Hurrah! Paula’s back at Lost in Translation, and for this Thursday’s Special she has set us the challenge of Creative Intervention. She tells us to interpret it any way we like, but please visit her post for more ideas.
So here we have the remains of Hopton Castle, an upscale medieval tower house that would be a crumbling wreck but for the creative efforts of the Hopton Castle Preservation Trust whose members toiled for 11 years to raise funds to consolidate the remains, and then spent a further five years overseeing the work.
The ruin is full of puzzles. The preservation work revealed hints of 11th, 12th, 13th, and 14th century construction, but with no clear evidence for the date of the main surviving structure. It’s been suggested that the Hopton family, who owned it between the 11th and 15th centuries, at some stage deliberately set out to create a faux antique country residence much as the Victorians did with their mock Tudor ‘cottages’. In other words, the Hoptons went in for some creative intervention of their own.
One theory is that it was a hunting lodge. The interior work of all three floors appears to have been very grand, and definitely of ‘lordly’ quality.
photo: Hopton Castle Preservation Trust
Also, the tower was clearly not intended as a defensive structure. As you can see from the photo and the reconstruction, any besieger could simply walk up to the front door. Yet the building it replaced, the first ‘castle’ on the mound was indeed a functioning fortification – a motte and bailey castle typical of the Normans’ early conquest of Britain after 1066. Made of timber, they could be constructed swiftly, and as the need arose, later re-built and expanded into domineering stone fortresses.
But this did not happen at Hopton. The stone walls that replaced the 11th century motte and bailey appear to have been built of poor quality stone, unsuited to withstanding a siege. Meanwhile, the interior fittings and design suggest considerable expense.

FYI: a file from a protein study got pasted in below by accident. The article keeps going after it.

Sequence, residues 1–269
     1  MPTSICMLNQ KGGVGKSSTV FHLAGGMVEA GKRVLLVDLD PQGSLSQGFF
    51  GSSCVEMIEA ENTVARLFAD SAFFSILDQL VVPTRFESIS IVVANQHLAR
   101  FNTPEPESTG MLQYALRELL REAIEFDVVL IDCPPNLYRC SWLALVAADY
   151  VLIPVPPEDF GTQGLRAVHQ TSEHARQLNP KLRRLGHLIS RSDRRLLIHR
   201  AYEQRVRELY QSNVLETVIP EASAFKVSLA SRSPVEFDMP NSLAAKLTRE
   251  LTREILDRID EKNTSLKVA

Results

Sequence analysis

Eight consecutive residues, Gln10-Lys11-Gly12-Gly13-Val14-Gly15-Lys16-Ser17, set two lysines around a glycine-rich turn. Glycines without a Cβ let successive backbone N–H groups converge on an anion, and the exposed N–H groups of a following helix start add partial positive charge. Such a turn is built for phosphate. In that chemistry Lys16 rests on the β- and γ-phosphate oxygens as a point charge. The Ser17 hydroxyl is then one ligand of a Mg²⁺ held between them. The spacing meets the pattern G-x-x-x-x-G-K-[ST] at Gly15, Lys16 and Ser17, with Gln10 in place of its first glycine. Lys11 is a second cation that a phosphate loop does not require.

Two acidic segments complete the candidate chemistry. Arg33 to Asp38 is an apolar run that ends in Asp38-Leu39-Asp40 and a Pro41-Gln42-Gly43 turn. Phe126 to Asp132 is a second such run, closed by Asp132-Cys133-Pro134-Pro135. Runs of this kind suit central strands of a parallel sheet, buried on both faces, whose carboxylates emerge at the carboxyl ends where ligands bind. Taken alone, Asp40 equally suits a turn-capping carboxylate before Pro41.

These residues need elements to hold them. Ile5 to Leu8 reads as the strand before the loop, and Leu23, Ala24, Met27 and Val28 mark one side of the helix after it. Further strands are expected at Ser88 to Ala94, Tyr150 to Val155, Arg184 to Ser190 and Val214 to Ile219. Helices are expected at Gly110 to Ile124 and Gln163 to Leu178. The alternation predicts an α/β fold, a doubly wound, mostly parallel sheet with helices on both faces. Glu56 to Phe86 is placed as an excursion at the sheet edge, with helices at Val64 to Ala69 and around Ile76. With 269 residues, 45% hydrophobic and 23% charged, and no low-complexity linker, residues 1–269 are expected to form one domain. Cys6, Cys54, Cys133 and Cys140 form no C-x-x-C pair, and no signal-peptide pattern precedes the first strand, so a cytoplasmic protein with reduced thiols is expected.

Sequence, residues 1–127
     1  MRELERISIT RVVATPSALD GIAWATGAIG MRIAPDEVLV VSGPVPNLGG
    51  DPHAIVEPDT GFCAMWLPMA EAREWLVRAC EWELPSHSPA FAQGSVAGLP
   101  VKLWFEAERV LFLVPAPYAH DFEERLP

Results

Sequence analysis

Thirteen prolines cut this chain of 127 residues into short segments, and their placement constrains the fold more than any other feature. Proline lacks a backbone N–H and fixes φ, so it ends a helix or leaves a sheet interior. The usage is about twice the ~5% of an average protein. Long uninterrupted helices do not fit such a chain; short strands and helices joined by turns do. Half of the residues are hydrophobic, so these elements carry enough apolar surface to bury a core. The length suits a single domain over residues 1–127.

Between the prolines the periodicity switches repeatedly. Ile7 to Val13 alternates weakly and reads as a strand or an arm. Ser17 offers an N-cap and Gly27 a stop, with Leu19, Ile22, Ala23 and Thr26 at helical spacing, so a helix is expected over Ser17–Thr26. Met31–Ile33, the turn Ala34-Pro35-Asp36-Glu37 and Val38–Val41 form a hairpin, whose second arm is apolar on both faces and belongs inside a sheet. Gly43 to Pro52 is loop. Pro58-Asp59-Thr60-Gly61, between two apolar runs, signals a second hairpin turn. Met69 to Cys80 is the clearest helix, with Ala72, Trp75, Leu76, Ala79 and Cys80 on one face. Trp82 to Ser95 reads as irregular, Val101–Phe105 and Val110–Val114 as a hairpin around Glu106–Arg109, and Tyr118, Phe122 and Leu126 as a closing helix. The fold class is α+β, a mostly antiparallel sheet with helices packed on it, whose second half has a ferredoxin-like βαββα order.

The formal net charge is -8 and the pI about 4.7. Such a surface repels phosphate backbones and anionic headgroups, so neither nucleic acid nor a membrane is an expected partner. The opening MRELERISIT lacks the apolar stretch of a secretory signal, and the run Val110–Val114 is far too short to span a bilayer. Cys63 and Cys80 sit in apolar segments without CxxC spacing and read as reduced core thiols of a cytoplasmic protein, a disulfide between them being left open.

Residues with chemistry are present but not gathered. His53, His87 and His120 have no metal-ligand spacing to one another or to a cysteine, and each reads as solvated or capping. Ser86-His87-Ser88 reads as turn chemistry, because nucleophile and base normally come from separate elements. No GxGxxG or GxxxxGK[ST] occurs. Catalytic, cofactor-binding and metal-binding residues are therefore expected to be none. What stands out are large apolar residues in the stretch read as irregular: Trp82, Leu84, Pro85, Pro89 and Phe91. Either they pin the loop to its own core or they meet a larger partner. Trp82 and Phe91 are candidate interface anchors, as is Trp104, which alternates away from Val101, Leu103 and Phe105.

So it’s a pretend castle then? A place for Sir Walter Hopton, Sheriff of Shropshire and Staffordshire, to display his wealth and status while entertaining well chosen guests for a spot of deer hunting?
Perhaps some of the answers lie in Shropshire Council’s five miles of archives that include shelves and shelves of unread medieval documents. In which case, they are likely to stay hidden. Probably forever. The on going local authority cuts mean there is little chance that the necessary scholarly research will ever be done. The archivist was one of the first people to be dispensed with, and for years before the cuts the archives were always under-resourced.
But if we don’t know much about the castle’s medieval history, we do know quite a lot about the bloody siege of Hopton in 1644, wherein Royalist forces attacked the staunch Parliamentarian Wallop family, who then owned the castle. It’s a swashbuckling tale, and you can read more about it HERE.
And you can watch the Time Team excavation.
copyright 2015 Tish Farrell
Creative Intervention Don’t forget to visit Paula for more interpretations of this challenge